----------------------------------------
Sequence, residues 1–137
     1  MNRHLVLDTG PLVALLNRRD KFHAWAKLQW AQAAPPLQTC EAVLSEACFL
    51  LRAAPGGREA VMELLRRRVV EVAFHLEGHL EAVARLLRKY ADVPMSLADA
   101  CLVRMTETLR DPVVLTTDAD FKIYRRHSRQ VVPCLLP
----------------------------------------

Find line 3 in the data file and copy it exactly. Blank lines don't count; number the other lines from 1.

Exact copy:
    51  LRAAPGGREA VMELLRRRVV EVAFHLEGHL EAVARLLRKY ADVPMSLADA